As Jim quickly shifted into reverse the prop walk swung the stern closer to the rocks of the mole and the bow over the shallower water The depth gauge plummeted ... 4.5 meters, 4, 3, 2.5, 2.2, 2.0. Jim held firm on the helm which was battling as they do when forced abruptly into reverse. We bumped the bottom a couple of times but managed to back out into the wind and oncoming waves unscathed except for a fender that tried to get away. Over the side it bounced but I was able to reach over and retrieve it as Tenaya heeled. Oh yes, I haven't mentioned the wind was blowing 20 kts. and choppy waves directly into the entrance. That was exciting.
Now it was 5:00 pm and we needed to find a safe place for the night. Our only real option was to anchor 5 miles away at Capo di Pula, our next intended stop. It was fairly protected but the swell from the E wrapped around the point making for a rolly night.
Jim at the ruins of Nora with the lighthouse of Capo di Pula in the background.
Tenaya anchored by the Nora archeological site
The ancient town of Nora borders the anchorage at Capo di Pula. Wednesday morning we put the dinghy in the water and motored over to the site to have a look around.
The archeological site of Nora beside the sea
Founded in the 8th century B.C. by the Phoenicians, Nora was later colonized by the Carthaginians and then the Romans. Most of the remains unearthed at the site date from Roman times, the end of the 2nd century and beginning of the 3rd century A.D.
A Roman theater from the 1st century A.D. It is the only Roman theater on Sardinia.
Nora is situated in a pretty location on a promontory. It had harbors on either side of the cape. Paved roads, sewers, four Roman baths, several temples and other public buildings were scattered among the many dwellings that have been excavated thus far. Begun in 1952, the digging continues.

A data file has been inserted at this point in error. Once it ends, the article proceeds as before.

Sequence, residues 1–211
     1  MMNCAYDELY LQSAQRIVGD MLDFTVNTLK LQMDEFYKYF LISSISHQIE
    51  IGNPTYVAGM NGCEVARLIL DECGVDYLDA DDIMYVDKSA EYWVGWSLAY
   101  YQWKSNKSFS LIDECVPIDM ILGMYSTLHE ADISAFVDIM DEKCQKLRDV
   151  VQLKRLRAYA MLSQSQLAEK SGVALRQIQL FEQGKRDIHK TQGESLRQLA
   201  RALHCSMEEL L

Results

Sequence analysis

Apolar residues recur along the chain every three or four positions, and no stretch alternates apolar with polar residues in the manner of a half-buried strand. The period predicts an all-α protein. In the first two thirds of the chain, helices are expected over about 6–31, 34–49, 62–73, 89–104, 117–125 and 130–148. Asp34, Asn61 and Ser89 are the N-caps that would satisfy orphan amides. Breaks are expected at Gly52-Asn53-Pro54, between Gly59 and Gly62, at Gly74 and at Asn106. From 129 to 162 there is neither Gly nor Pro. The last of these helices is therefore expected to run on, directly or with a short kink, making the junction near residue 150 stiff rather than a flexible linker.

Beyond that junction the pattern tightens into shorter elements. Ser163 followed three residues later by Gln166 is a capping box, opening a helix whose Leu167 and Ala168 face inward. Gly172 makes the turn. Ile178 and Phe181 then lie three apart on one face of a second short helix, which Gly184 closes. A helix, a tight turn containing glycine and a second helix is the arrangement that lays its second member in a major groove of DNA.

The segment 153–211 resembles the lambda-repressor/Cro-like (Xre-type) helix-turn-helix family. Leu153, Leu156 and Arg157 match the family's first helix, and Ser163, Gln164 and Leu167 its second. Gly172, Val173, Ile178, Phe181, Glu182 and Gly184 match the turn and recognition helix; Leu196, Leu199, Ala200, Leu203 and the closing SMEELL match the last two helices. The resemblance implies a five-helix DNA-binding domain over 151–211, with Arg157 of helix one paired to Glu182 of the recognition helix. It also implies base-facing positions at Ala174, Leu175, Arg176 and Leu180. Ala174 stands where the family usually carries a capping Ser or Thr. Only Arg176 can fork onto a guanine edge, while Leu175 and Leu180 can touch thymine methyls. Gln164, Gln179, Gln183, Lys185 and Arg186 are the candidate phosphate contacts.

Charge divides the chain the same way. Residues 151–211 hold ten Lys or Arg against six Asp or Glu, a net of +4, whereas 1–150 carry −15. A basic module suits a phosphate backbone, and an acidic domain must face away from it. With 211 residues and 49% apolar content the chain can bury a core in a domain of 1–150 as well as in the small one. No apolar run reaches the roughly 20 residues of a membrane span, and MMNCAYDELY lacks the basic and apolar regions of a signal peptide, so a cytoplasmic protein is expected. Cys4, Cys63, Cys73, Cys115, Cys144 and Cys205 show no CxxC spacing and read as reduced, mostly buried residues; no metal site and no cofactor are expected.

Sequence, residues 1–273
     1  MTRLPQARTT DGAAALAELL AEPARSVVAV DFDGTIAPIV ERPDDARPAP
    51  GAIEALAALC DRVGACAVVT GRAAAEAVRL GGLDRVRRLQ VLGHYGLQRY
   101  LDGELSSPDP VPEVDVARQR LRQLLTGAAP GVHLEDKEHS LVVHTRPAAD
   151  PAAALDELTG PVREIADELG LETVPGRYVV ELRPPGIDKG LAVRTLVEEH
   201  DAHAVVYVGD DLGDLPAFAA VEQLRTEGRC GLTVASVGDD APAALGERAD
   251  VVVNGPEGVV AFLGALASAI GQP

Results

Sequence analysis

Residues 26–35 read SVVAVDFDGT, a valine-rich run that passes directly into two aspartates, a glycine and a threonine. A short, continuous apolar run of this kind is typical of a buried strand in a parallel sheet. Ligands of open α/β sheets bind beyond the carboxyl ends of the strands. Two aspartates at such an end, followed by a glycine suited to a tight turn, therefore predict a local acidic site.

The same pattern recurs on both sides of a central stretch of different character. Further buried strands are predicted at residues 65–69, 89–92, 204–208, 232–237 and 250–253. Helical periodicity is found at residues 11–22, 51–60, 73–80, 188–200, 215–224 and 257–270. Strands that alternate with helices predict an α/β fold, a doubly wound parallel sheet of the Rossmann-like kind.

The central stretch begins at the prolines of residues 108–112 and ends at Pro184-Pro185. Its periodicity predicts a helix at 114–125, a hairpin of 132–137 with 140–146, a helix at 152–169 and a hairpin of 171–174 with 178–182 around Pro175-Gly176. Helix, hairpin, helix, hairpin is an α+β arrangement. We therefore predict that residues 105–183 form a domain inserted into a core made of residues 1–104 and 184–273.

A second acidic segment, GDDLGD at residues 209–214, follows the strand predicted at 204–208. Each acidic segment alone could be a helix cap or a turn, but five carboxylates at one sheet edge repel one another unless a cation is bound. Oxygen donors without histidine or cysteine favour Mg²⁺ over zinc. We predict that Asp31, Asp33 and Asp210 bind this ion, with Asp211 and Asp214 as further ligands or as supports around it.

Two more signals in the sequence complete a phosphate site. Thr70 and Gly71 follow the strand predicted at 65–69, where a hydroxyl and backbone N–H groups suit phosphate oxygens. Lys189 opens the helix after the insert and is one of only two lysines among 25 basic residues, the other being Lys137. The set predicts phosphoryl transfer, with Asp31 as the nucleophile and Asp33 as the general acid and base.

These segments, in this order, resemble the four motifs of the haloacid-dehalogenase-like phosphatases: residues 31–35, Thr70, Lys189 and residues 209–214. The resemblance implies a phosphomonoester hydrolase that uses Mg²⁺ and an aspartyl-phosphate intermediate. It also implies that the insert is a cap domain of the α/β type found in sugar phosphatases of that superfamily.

Many of the buildings had tiled floors
Another view of the anchorage at Pula
Looking down from the promontory to the water below
The local fishing boats. We left the dinghy tied among them.
Later in the afternoon we headed off on another multi-day passage. Mallorca was our destination, one of the Balearic Islands we visited in June. The harbor at Palma has excellent repair facilities and we need to make use of a couple. The watermaker is still giving us trouble although it has been usable and the generator quit working completely. We paid a fortune for that oversized hulk in the engine room to power the air conditioner for which we paid another fortune in order to have a cool boat in hot places, like Italy, in the summertime. It didn't work the entire time we were in southern Italy. I realized I could live without the chilled air but I missed it all the same.
We saw 5 of these floating off of Mallorca. We thought the first one was some sort of memorial or maybe a raft but when we saw 4 more we decided they were just interesting buoys for fish nets.
Nice sailing. Motoring. Nice sailing. Motoring. That is how this passage went. When the wind blew strong enough we sailed wing and wing and when it didn't we glided along with an unobstructed view of the nearly full moon. Having 4 hour watch schedules around the clock allows us plenty of time to sleep and to get into a comfortable routine. With very little ship traffic we both enjoyed the passage very much.
We arrived at the anchorage outside Rapita Marina on the island of Mallorca at 0315 this morning after sailing 336 miles from SW Sardinia. It took 61 hours.
Our electronic chart is not accurate for this area. The marina is not where it is supposed to be and neither is Tenaya in the adjacent anchorage. Jim remembered this from our last visit so we motored up in the dark using only our eyes, the paper chart and the depth gauge.
Swinging on the hook just outside the marina, we can receive wifi and take the dinghy in to the small market, chandleries and trash cans. We have the peacefulness of a quiet anchorage with clear, clean water and the entertainment of watching charter boats and local boats come and go. A wonderful breeze blows through our floating home. We will be happy relaxing here a couple of days before being confined to a marina in Palma for four days.